Designed and built strictly for family audiences, The Boss Baby: Family Business pumps out a steady stream of jokes, wisecracks, and cultural references in a boldly frank endeavor to appeal to both parents and their pre-teen children (but no real-life babies).
The sequel to The Boss Baby (2017) requires absolutely no knowledge of the first film, since the premise remains the same: babies are far more intelligent that their parents will ever know. The sequel reheats the same tropes as before, while obeying a surefire rule for all subsequent installments of films that earn a multiple returns on the studio’s investment: add even more characters, doing the same kind of thing.
The titular baby was introduced originally as the younger, infant, suit-wearing brother of putative hero Tim. Subsequently it was revealed that he had an adult mind, thanks to a secret formula that enabled him to serve as a secret agent for a mysterious company.
Tweaking the premise a bit, the sequel finds Tim (James Marsden) and Ted (Alec Baldwin) all grown up and living separate and very different lives. Tim is married to Carol (Eva Longoria) and a stay-at-home dad to two daughters, Tabitha (Ariana Greenblatt) and her baby sister Tina (Amy Sedaris), while Ted is a fabulously successful single businessman.
An inciting incident brings Ted home to help out Tim, where they both discover that Tina is actually the new Boss Baby with a fresh new mission to go undercover and investigate a suspicious school started by Dr. Armstrong (Jeff Goldblum). That’s also where Tabitha already attends, and so Tim is eager to help out, hoping that he can learn why Tabitha has been drawing away from him recently, even after Tina explains that he will need to drink a new secret formulate that de-ages him into childhood.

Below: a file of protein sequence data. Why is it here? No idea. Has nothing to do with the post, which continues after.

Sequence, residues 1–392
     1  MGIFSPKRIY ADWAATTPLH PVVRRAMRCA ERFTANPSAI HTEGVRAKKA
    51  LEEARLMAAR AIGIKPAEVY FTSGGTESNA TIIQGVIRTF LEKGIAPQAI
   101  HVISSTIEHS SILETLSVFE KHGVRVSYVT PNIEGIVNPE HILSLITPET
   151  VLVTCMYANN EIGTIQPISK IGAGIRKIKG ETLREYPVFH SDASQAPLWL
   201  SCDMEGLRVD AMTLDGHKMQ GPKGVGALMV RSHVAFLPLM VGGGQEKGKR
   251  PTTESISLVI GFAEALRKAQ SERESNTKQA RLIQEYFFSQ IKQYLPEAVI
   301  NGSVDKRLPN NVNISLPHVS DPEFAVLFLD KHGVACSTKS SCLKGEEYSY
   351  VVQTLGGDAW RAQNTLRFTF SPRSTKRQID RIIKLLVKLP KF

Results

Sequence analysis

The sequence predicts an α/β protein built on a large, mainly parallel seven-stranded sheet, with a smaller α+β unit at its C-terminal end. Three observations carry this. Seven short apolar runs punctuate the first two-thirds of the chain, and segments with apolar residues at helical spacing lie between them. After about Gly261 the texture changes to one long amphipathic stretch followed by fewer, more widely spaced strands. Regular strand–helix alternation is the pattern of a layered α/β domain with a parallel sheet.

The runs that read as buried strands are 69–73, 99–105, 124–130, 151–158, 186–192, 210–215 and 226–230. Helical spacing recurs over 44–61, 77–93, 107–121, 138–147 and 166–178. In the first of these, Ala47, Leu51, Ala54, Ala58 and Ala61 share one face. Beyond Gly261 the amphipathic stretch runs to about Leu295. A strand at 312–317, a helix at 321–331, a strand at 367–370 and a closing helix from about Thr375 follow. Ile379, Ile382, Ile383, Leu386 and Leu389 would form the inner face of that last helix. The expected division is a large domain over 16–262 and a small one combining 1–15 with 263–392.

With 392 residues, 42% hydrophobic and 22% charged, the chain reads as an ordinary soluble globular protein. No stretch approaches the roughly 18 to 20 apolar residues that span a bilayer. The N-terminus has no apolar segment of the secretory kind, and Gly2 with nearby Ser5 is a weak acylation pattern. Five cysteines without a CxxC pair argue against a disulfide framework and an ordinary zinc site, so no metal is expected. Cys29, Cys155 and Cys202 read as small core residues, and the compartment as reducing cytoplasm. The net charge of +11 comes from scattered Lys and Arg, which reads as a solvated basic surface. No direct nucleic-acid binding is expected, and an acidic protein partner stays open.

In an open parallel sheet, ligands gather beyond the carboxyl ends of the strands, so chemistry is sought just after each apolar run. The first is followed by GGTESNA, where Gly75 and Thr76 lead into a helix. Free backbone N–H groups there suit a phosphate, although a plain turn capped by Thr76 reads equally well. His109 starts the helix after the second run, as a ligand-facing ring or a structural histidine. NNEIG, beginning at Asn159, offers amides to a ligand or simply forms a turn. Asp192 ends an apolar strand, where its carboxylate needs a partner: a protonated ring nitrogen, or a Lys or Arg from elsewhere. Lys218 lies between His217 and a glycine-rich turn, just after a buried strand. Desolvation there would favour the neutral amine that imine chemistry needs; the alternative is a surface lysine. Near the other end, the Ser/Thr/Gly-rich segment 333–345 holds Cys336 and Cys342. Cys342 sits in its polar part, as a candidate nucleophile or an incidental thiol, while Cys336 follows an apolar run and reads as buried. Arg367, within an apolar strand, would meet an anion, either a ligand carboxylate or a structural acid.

Returning screenwriter Michael McCullers wrote the first film, adapted from a book by Marla Frazee, and his style of witticisms is clever and rapid-fire, as he demonstrated in his past. He is a Saturday Night Live veteran from the late 90s and has been writing live-action comedies like the Austin Powers movies and animated films starting with The Boss Baby. His script meshes well with the visual style developed by director Tom McGrath over the years in films such as Madagascar and Megamind and their sequels.
From its opening frames, The Boss Baby: Family Business never pretends to flesh out anything resembling real life. That’s not its intention. Instead, it wants to teach good solid family lessons, stretching that here to encompass good reminders for adults.
With its plethora of jokes and snappy pace, the film avoids the “sag” that is common to sequels, even though it spends a considerable amount of time on elaborate action sequences that don’t necessarily add to the story at all. It doesn’t present anything new or unexpected, but it does supplies a thirsty audience with a few cups of water on a parched day. That’s not bad at all.
The film opens in Dallas, Fort Worth and surrounding cities on July 2. It will also be available to stream on Peacock. For more information about the film, visit the official site.